The story of ‘four working class lads who took the world by the balls’ and the legacy that was left – of the band itself, to the sixties myth, and twentieth century music is one that has been told many a time. In Sunny Afternoon, it’s done with vivacity, humour, poignancy and a heck of a lot of entertainment. Having debuted at Hampstead Theatre in 2014, the musical based on the life of The Kinks is now touring – via The Marlowe, Canterbury.
It’s the twenty songs that make this. A perceptive observer of life, Ray Davies’ lyrics have an authenticity to them that is used to great effect to narrate and provide commentary on the tale unfolding on stage. Instinctive and poetic – younger brother Dave (Mark Newham) describes Ray (played by Ryan O’Donnell) as ‘thinking in song’ and tells potential managers that he just ‘boils at a different temperature.’
That temperature made and continues to make for songs that have gone down in history and left a legacy that has lasted, beyond their break up in 1996.
Ryan O’Donnell is incredible as Ray Davies, with an incredible voice and oozing a kind of melancholy magnetism like the star himself. There’s a dark humour to mark Newham’s portrayal of younger brother Dave, with his anger and youth coming out in rock’n’roll antic. The softer and more supporting members in the form of Garmon Rhys as Pete and Joseph Richardson as Robert make for a group of friends that climb and fall together.
The performers are all ludicrously talented, thrashing out the guitars and drums, as well as having fantastic singing voices that really shine when the four band members sing ‘Thank You For The Days’ a cappella style.
Written by Joe Penhall and directed by Edward Hall, the script shines a light not only on the life of The Kinks, but the music industry itself, and how little has changed. Whilst stating that ‘raw, scruffy, working class oiks are the next thing’ the managerial team saw this as a marketing gimmick, all about a cultivated image, rather than reality. There are also echoes of social fracturing, just like today, with the ‘crack amid the city’ and ‘kitchen sink leaking’ being among the impetus for their signing a contract. But as for many young people, whilst music seemed to provide a way out of ‘dead end street’, it soon proved that once commission is taken, cuts siphoned and the tax man gets involved, not only are the profits not great, but at times the price too high. As the band are reminded by Eddie Kassner (Michael Warburton), by owning 51% of the music, he effectively owns 51% of them.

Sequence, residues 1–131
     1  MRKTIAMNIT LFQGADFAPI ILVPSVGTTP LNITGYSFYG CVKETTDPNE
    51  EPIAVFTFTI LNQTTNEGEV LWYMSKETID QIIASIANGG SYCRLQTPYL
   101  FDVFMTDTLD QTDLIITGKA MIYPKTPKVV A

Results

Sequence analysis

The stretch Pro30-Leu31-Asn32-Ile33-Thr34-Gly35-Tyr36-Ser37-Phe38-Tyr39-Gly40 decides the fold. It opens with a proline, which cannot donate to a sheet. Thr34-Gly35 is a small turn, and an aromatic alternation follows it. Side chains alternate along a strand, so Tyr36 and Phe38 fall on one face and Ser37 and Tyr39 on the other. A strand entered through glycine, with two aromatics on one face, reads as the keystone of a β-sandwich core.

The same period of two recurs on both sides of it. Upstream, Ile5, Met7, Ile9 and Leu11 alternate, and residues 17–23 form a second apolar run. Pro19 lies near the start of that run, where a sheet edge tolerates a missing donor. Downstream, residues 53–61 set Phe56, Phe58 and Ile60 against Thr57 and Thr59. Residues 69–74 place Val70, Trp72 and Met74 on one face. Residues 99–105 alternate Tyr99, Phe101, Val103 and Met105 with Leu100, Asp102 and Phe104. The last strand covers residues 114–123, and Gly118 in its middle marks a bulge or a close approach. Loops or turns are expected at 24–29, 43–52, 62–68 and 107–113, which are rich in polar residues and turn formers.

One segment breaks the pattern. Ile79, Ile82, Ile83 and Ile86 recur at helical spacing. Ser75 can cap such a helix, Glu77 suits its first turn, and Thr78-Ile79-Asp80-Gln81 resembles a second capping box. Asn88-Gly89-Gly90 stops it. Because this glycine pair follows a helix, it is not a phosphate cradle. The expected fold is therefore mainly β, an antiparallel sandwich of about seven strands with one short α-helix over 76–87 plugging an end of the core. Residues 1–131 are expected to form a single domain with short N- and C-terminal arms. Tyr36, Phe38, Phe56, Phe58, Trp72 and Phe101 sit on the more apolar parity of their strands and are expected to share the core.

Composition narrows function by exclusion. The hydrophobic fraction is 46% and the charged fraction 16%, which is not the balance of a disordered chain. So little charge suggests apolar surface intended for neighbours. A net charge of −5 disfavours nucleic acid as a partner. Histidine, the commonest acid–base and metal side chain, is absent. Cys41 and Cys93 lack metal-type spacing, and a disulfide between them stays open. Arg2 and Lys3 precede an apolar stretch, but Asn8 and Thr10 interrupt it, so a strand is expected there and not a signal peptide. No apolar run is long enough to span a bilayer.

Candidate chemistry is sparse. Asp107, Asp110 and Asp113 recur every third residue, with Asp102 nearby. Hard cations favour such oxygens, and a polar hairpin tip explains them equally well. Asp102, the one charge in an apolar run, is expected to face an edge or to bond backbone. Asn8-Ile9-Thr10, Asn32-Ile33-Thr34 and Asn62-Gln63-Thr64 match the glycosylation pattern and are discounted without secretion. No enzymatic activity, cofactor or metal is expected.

The experience affected them all in different ways, fraying tensions and emotions and firing destruction: the debaucheries of Dave, his drink and hook ups making him into ‘Don Juan with a plectrum,’ Ray’s mental health as a result of travelling (and the death of his younger sister), the sense of isolation that Pete felt or the quiet anger of Robert.
London is a central character, whether it’s the suburbs and atmosphere of ‘home’ and ‘us’ or the ‘letterbox in time’ that the myth of Denmark Street, Kings Road and Carnaby Street became. There are hints of nostalgia, but not too much sentimentalising.
A tender version of ‘Waterloo Sunset’ makes me teary, and a ferocious and buzzing ‘You Really Got Me’ fizzles. The fun might have waned at times, but this musical never does. Their songs and story continue to entertain, enliven and enrapture. Adrenalin fuelled with electrifying sounds and lively choreography, ‘Sunny Afternoon’ is a dazzling show spilling with smiles.
Sunny Afternoon continues at the Marlowe Theatre, Canterbury to Saturday 8 April 2017. You can find a full list of tour dates here. https://sunnyafternoonthemusical.com/tour-dates
Photo credit: Kevin Cummil